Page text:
Europe’s satellite navigation market is surging, says the Executive Director of European GNSS Agency
The market for applications and services in Europe’s satellite navigation system is picking up fast as businesses latch on to its many benefits, Carlo des Dorides, Executive Director of the European GNSS Agency (GSA) told at the Intergeo Conference
Intergeo is the world’s largest trade event for the growing geodesy, geoinformation and land management sector. This year it took place from 9-11 October. SatNavForum took this opportunity to gather experts from the private and public sectors to debate the future of satellite navigation. During this satellite navigation conference, on 10 October Carlo des Dorides explained that slowly but surely, Europe’s global navigation satellite system (GNSS) was coming together, with businesses showing more and more interest in both the forthcoming Galileo satellite system and the operational EGNOS, Europe’s satellite-based augmentation system.
“It is true that Galileo has had ups and downs in recent years, but everything is in place for real success from 2014, when the Galileo satellites will be at initial operating capability,” des Dorides said. “We are seeing more and more offerings in this sector.”
He pointed to the growing number of applications already using EGNOS, which augments GPS signals over Europe, thus making them suitable for safety-critical applications. In May, GSA published its GNSS Market Report, providing both an overview of the current fast-growing sector and forecasts for the years ahead.
The report, des Dorides said, predicted total enabled revenues from the GNSS market to rise at an average of 13 % per year by 2016, by which time price erosion and platform convergence will help stabilize the market. By 2020, global shipments will exceed one billion units, driven by growth in emerging economies, he indicated.
Savings in time and money
The new GNSS services promise huge savings in time and money for both customers and businesses, des Dorides said. Over the next 15 years, from now until 2027, European GNSS services could generate €60-90 billion in socio-economic benefits in Europe.
Of this, the lion’s share would come from the road sector, with majority from time savings through route planning, and billions more from fewer injuries, fuel, VAT and air pollution.
Though aviation is not the biggest expected beneficiary of GNSS, des Dorides underlined how the segment would see the greatest growth in terms of GNSS equipment revenues and safety. EGNOS, he said, offered aviation enhanced vertical precision and integrity, safer approaches, and easier access to small or remote airstrips and landing under difficult weather conditions.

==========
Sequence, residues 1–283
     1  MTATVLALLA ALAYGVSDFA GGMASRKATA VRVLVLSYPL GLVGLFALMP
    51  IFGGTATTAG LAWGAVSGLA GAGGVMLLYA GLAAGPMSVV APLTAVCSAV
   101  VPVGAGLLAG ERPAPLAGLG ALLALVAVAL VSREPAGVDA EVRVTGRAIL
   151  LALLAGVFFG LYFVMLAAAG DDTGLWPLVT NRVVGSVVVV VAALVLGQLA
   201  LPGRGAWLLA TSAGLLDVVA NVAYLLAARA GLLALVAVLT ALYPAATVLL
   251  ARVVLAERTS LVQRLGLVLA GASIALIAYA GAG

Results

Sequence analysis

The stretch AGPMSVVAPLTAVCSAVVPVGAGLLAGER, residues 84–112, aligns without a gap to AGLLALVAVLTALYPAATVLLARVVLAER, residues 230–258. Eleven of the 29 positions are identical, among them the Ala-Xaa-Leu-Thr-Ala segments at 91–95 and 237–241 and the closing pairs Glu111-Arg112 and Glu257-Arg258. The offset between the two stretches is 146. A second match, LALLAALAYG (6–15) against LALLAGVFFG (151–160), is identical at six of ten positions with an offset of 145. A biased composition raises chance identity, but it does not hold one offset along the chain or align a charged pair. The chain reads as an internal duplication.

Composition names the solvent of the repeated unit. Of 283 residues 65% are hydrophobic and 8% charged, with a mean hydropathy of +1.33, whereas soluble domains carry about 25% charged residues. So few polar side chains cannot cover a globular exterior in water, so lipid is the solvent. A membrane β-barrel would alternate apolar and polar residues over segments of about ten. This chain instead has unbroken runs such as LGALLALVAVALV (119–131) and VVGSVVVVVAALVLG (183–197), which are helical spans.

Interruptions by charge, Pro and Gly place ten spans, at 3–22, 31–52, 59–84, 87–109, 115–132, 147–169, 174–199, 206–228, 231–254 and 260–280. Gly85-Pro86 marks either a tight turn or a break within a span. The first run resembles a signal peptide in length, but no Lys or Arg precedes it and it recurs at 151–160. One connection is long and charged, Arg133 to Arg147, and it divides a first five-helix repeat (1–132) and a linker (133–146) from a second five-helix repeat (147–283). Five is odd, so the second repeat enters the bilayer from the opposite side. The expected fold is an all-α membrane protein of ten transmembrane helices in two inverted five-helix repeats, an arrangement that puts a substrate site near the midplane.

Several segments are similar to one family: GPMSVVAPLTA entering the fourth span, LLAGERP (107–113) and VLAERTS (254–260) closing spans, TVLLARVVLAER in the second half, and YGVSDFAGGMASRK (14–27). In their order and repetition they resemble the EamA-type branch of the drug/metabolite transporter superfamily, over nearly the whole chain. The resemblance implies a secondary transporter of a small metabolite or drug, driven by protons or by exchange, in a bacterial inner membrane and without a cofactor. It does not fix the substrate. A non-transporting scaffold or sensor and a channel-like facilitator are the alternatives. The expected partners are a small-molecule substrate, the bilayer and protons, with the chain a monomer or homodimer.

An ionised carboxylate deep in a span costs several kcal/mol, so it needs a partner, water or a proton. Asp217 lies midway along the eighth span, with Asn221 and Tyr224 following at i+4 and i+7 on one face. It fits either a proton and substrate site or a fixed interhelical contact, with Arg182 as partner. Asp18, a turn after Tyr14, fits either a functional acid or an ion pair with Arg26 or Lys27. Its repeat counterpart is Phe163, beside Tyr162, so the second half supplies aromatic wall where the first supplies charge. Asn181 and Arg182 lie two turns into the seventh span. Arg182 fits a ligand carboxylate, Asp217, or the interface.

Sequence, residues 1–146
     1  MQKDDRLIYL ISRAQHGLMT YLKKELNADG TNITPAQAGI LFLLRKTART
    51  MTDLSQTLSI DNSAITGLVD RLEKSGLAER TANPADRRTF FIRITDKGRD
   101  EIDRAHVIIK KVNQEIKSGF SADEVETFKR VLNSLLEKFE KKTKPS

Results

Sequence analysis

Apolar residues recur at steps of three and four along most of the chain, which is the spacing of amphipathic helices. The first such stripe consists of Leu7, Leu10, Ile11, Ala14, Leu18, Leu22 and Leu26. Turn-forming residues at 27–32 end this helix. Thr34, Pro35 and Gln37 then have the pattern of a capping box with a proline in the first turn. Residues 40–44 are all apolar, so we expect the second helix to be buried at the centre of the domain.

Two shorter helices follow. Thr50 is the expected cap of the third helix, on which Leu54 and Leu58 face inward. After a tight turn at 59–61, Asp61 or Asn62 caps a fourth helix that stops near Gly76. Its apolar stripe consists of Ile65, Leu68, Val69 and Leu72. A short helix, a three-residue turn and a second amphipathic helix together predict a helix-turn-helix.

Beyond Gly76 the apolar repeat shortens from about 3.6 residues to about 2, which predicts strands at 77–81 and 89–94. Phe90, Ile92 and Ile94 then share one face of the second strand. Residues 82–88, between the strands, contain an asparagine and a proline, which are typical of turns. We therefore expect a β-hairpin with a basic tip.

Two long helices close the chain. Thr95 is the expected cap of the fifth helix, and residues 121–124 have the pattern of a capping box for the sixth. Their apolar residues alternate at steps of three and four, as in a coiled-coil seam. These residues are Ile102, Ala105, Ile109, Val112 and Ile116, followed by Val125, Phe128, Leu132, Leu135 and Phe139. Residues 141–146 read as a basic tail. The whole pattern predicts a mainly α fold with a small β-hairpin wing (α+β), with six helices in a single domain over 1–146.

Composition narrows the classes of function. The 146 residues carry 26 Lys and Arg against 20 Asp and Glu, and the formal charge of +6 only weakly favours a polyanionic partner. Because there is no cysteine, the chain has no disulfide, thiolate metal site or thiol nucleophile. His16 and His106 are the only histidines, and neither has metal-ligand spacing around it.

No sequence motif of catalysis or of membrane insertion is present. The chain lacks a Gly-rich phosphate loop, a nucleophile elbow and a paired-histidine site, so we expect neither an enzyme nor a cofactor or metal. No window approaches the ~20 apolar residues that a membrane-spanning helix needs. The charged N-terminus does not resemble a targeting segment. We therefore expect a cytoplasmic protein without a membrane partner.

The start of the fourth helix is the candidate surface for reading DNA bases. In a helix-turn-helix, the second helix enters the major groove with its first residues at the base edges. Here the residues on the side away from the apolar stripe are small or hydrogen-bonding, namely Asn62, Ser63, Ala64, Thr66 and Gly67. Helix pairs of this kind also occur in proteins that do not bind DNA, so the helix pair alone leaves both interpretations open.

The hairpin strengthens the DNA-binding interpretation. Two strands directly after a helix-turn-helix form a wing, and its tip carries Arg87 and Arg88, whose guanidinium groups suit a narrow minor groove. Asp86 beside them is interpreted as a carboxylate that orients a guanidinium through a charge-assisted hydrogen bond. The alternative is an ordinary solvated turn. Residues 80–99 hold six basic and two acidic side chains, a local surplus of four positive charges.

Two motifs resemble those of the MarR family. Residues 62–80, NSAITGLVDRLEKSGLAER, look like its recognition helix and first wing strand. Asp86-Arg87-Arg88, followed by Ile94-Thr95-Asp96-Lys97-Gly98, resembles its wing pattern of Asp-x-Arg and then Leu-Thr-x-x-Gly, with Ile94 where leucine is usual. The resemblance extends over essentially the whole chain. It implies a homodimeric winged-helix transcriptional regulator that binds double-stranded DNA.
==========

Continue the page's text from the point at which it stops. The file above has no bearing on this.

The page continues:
Des Dorides added that other sectors were looking into EGNOS, from agriculture (just for example, more than 60% of GNSS enabled tractors sold today use EGNOS, with a 15-30cm lane-to-lane precision), mapping and surveying, road transport and tolling, rail, maritime transport, and many more.
“Our analysis shows a large part of the value of GNSS is in the downstream market rather than satellites – so chipsets and receivers. This is where we need to maximize the value. We see a growing convergence of chips manufacturers and handsets makers.”
Galileo, a prestige project
In the panel debate afterwards, des Dorides was echoed by Christian Siebert, Head of Unit for International Affairs in the European Commission’s Directorate General for Enterprise and Industry. “Galileo is one of the European Union’s prestige projects,” Siebert said. “The benefits are increased productivity, faster, more accurate services. It is up to us now to use these systems.”
Siebert said the EU was underperforming in the global GNSS sector, currently accounting for only about 20% of a market that could be worth more than €200 billion by 2020 – even though Europe’s market share is 30% in other high tech sectors. He also forecasts that GNSS services would create hundreds of thousands of jobs in traffic management and security. “Like the Internet, this can create a cascade of new applications and services,” he said.
Bernhard Katzy, the founder of CeTIM, the Center for Technology and Innovation Management, Neubiberg, said the satellite navigation sector was characterised by demand-driven innovation. “How do we breed entrepreneurs? We need idea forums. We also need management capabilities to coordinate fast growth,” he said. He also called for a more American-style tolerance of business failure: “We need to fall and get up again, and learn each time.”
Reiner Horn, from Spacetec Capital, called for readily available information on satellite navigation for the sector, and venture capital for early financing. “We need institutions to work more systematically with business,” he said. “And we need more access to money. We want to act as a reliable co-investor.”
Andreas Scheuer, Germany's Parliamentary State Secretary for Transport, Building and Urban Development, highlighted the societal benefits of satellite navigation. “Intelligent urban technologies can help improve mobility while removing congestion,” he said. “It is important for citizens of all ages to be able to use these aids and do so in an easy manner.” He also underlined the importance to explain to the citizens these benefits, to which the conference is contributing.